The Magic Kingdom Hub is unique among the five Magic Kingdom-type parks around the world. It is the only one that is completely surrounded by a river. Although these other park’s may have small ponds and lakes, their Hub’s are not islands. In my opinion, this fact makes the Florida Hub the most beautiful. The water has a calming effect. This is especially welcome on busy days.

The Hub Waterway

The Hub Waterway

The Hub Waterway

The Hub Waterway

While scouring through my pictures of the Hub, I came across this next photo. It seems that at one time simple fountains added atmosphere near the Rose Garden Pavilion.

Swan Boat Fountain

As I’m sure you know, the waterway that circles the Hub was created for the Swan Boats that ran from May 1972 until August 1983. Did you also know that besides circling the Hub, the Swan Boats also circled Swiss Family Treehouse?

Swan Boat

The Imagineers were able to create the Swan Boat waterway for two reasons. First, they had the land to do so whereas Disneyland did not. But more than that, there is an abundance of water available that the non-Florida parks lack. Did you know that the Swan Boat waterway, the Jungle Cruise rivers, and the Rivers of America are all connected and are fed by Seven Seas Lagoon?

One of the most unassuming water features in the Magic Kingdom is found in front of First Aid. This simple fountain sports a pineapple on top, a sign of hospitality and welcome.

Pineapple Fountain

Because the Hub is an island, bridges are needed to transport guests to the various lands. These bridges help tell the story and prepare our minds for what is to come. Tomorrowland features a modern, concrete bridge. The Adventureland bridge has an elaborate, tropical feel whereas the Liberty Square bridge is a far more simple wooden structure. Then of course the castle bridge is made of stone and has an imposing look.

Tomorrowland Bridge

Liberty Square Bridge

Castle Bridge

Currently, the Hub is going through a major refurbishment to create more viewing opportunities for nighttime castle shows and fireworks. Because of this, the Swan Boat canal is drained of water. I think you’ll agree after looking at these next two pictures, water adds a lot to the landscape.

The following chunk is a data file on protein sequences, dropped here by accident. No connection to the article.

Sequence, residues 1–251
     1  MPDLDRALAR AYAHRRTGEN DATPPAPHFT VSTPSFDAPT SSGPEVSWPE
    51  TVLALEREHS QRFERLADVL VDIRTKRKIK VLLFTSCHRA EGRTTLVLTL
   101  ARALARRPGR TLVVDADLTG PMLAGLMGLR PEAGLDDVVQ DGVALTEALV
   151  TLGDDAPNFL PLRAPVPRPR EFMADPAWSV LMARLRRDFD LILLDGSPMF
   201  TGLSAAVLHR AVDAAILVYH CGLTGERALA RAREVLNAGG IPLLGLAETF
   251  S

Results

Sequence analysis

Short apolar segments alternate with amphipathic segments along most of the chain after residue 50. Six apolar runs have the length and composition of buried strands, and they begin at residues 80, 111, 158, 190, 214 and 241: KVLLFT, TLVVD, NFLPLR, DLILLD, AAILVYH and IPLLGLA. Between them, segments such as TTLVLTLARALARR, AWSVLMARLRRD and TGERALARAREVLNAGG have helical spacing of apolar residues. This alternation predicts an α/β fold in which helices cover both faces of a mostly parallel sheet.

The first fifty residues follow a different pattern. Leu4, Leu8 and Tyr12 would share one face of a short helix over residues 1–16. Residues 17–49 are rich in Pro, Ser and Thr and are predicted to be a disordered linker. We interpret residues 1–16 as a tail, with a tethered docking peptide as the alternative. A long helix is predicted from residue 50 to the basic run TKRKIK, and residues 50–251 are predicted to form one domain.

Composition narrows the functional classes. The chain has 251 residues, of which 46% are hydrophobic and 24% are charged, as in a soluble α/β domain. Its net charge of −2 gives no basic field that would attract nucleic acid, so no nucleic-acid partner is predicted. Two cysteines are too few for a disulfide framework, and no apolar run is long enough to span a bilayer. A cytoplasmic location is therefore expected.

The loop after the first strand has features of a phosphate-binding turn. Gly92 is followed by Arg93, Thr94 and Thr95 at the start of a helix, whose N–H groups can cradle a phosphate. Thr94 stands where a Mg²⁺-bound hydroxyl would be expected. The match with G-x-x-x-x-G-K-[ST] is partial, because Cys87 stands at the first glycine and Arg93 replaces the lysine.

Drained Hub River

Drained Hub River

At the northeast corner of the Hub is a lovely waterfall. It’s fun to stand on the nearby bridge and watch the ducks take a refreshing drink.

Cosmic Ray Waterfall

Cosmic Ray Waterfall

Let’s move next to Tomorrowland. When the Magic Kingdom first opened, the entrance to this land-of-the-future looked much different. Two tall towers flanked the entrance and water cascaded down from the top of the spires. When the wind was light, this was an impressive sight. Unfortunately, even the smallest breeze caused the water to spray those walking by. On cold days, park managers turned this feature off to help protect guests from getting wet. Tomorrowland was updated in 1994 and the entrance took on a new look – minus a water feature.

Old Tomorrowland Entrance

New Tomorrowland Entrance

The Magic Kingdom’s Tomorrowland was designed in the late 1960’s. At that time, the Imagineers thought the future would be concrete, concrete, and more concrete. Because of this, no lakes or fountains were included in this land. The only water feature within the original Tomorrowland was the waterfall at the base of the Skyway Terminal.

Skyway Terminal

Because of this initial design, the reimagined Tomorrowland of the 1990’s still lacks water as a design element. Today, the only attractions that are remotely related to water are the large stone sphere that floats on a thin layer of water and the mist that sprays from the Thirst Rangers Rocket Ship.

Floating Stone Sphere

Thirst Rangers Rocket Ship

Interestingly, the Tomorrowlands of Disneyland Paris and Hong Kong Disneyland did include water in their designs with the inclusion of the Nautilus and a children’s splash area. And of course, Disneyland had the Submarine Voyage.

Disneyland Paris

Hong Kong Disneyland


Let’s move counterclockwise and take the pathway that leads from Tomorrowland to Storybook Circus.

Storybook Circus has perhaps the best water feature in the Magic Kingdom. Casey Jr. Splash ‘N” Soak Station is a fantastic play area for kids. On hot days, the water jets offer a great cool-down area.

Casey Jr. Splash 'N

Casey Jr. Splash 'N

Casey Jr. Splash 'N

Casey Jr. Splash 'N

The Dumbo attraction at Disneyland has had a water feature ever since their Fantasyland was remodeled in 1984. However, the Dumbo attraction at the Magic Kingdom did not. This is because the Magic Kingdom’s version was located on top of the Utilidors and the weight of the water would be too much for the underground structure. However, when Dumbo was moved to Storybook Circus, water was added to enhance the ride. Although guests do not get wet on this attraction, the water adds a nice bit of ambiance.



As we move into Fantasyland proper, we come to the Under the Sea – Journey of The Little Mermaid. The exterior of this attraction is modeled after Prince Eric’s castle which is located on the seashore. The outside portion of this queue features a lagoon that suggests it’s an offshoot from a nearby ocean or sea. As we venture further along the path, we come to several waterfalls cascading from nearby cliffs.

Prince Eric's Castle Home

nce Eric's Castle Home

nce Eric's Castle Home

Inside the attraction we see make-believe water featured in the Kiss the Girl vignette.

Kiss the Girl